It’s Saturday morning, and you are out at Hughes Stadium at 11 a.m. Why so early? To tailgate? No, to celebrate Ag Day!
During this weekend you should be reminded of the origins of your school and understand why Ag Day is such a great event. You will get to see CAM and will meet the faces of the people who supply your food.
CSU was originally named Colorado A&M. This is where our current mascot, a Rambouillet ram, CAM, got his name. The CSU colors, green and gold, were chosen to represent the agricultural background of the school.
When looking to the west, you can see the freshly painted “A” on the hill, which should remind you of CSU’s rich history in agriculture. Go Aggies!
Agriculture is extremely important. As the land used for agricultural production is being sold for developments, producers have to find different ways to produce food more efficiently while using fewer resources.
According to Jennifer Bond, an Ag Business professor, in 1990, only 2.6 percent of the United States’ current population worked in agriculture. This is compared to 90 percent who worked in the fields in 1790.
Farmers and ranchers are managing to produce more food now than they ever have using less land and fewer animals. How is this possible? Technology is the key.
Tractors can be controlled by GPS and can literally plant or plow a field with little human interference. Carcass weights on butcher animals have increased and animals reach butcher weight at earlier ages.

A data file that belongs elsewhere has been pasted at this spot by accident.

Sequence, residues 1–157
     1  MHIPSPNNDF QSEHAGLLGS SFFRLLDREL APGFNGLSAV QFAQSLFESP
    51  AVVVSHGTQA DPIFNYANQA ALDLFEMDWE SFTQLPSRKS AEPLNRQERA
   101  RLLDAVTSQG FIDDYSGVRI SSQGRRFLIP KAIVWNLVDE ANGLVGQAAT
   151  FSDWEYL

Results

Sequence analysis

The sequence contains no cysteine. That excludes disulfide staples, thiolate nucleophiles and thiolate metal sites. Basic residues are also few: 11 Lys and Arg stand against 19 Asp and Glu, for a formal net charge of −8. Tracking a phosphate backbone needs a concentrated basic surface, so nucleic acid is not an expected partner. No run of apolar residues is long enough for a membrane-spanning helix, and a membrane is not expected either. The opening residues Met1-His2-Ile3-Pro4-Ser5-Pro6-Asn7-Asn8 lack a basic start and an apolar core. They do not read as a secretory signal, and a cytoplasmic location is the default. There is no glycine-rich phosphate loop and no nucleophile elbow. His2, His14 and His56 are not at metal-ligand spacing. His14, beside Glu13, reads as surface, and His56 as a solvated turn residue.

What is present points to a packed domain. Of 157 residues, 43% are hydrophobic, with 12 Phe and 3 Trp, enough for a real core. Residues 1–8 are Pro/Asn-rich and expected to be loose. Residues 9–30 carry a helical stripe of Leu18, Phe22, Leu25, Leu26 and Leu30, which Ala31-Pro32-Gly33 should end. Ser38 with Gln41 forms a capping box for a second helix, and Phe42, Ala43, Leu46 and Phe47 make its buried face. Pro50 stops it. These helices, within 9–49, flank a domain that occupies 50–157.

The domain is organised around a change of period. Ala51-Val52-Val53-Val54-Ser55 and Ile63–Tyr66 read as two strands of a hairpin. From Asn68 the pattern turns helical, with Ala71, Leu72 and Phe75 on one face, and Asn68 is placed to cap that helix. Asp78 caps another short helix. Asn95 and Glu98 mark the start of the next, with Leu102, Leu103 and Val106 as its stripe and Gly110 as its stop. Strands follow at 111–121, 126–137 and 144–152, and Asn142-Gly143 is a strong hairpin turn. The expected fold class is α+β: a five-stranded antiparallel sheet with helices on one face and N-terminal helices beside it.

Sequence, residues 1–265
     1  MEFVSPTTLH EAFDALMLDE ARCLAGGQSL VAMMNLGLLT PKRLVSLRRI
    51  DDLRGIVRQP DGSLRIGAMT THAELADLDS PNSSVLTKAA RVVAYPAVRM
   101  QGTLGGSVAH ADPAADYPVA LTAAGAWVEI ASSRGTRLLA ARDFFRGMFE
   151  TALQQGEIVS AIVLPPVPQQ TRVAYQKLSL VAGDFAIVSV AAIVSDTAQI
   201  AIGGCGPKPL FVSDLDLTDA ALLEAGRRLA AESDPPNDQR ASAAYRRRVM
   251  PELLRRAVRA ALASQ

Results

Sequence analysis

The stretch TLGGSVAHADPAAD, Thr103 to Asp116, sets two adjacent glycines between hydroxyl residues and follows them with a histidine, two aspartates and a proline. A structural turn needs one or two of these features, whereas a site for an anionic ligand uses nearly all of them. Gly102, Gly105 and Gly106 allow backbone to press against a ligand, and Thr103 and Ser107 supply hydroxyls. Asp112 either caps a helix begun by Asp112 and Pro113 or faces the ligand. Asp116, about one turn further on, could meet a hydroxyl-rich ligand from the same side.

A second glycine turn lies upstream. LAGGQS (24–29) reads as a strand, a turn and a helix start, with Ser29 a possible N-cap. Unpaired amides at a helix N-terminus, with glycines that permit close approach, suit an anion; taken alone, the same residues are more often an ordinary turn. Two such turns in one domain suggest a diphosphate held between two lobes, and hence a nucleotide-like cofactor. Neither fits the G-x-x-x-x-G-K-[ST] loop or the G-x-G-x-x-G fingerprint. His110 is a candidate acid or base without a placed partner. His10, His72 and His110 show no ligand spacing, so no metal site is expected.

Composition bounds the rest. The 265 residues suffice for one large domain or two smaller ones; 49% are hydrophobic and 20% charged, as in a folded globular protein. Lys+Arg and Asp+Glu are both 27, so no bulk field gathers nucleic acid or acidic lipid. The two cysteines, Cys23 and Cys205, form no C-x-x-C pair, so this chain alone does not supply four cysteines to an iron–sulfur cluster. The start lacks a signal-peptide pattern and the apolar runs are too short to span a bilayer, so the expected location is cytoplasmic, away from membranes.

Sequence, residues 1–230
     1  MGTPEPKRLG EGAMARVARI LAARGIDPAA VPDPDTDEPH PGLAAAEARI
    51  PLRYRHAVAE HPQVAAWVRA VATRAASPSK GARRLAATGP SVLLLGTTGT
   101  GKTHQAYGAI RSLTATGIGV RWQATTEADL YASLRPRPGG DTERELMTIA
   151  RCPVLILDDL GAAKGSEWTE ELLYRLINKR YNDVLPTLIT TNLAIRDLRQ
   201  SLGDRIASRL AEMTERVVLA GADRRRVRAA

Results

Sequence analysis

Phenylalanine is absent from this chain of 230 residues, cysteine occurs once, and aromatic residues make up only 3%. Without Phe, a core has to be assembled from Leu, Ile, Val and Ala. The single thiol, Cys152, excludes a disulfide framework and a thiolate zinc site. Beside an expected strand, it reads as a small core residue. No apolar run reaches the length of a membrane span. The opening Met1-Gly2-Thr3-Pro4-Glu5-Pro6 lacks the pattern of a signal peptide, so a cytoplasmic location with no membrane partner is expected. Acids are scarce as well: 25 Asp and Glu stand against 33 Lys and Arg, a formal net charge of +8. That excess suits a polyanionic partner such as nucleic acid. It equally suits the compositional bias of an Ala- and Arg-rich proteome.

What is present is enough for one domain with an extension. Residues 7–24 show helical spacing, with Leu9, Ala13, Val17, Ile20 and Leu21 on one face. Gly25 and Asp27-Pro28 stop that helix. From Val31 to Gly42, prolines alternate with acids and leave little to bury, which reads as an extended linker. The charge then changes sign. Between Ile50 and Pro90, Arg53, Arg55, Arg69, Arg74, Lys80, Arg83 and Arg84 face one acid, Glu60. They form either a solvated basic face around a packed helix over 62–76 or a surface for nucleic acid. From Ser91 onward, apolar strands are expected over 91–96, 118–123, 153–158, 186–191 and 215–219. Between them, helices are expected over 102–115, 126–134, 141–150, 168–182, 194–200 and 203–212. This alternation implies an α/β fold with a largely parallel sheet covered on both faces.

Working in agriculture is never easy. There is no guaranteed set price for meats and grains, and it can change daily.
Farmers and ranchers can work from sun-up to sun-down, and may only get paid once a year. It’s a difficult job, and we should be more appreciative of all of the hard work that goes into raising the food we so easily pick up at the grocery store.
According to the Colorado Department of Agriculture, farmers and ranchers only receive 20 cents for every dollar of product that is sold commercially. Imagine if you were paid so little for your labor.
Agriculture is a vast industry. More students need to be interested in the many fields of agriculture. In reality, there are many jobs that do not require “working on the farm” or “slopping with the pigs.”
Although, I have to admit a bit of hard work out in the fields can be good for anyone. It teaches discipline, time management and a good solid work ethic.
For those students who are attending CSU to pursue a degree in an agricultural field of study, I congratulate you. You are a small group, and you must lead in the future. You will eventually grow more efficient crops, produce better and healthier animals and find alternative fuel and energy.
So why is this important, and why does it relate to Saturday’s event? According to the CSU Ag Day Web site, the Ag Day barbecue will feature a variety of Colorado-grown or raised products, including: lamb, beef, pork, beans, potatoes, apples, dairy products, wheat bread, melons, water, soft drinks, Colorado-brewed beer and flowers.
Agriculture is a vital part of our state’s economy, and you should do what you can to support that. Another way to do this is to look for Colorado grown products in your grocery store, which are generally branded as Colorado Proud.
Ag Day is an opportunity for you to support local agriculture and for you to visit the very roots this school was founded on.
Robyn Scherer is a senior animal sciences major. Her column appears Fridays in the Collegian. Letters and feedback can be sent to email@example.com.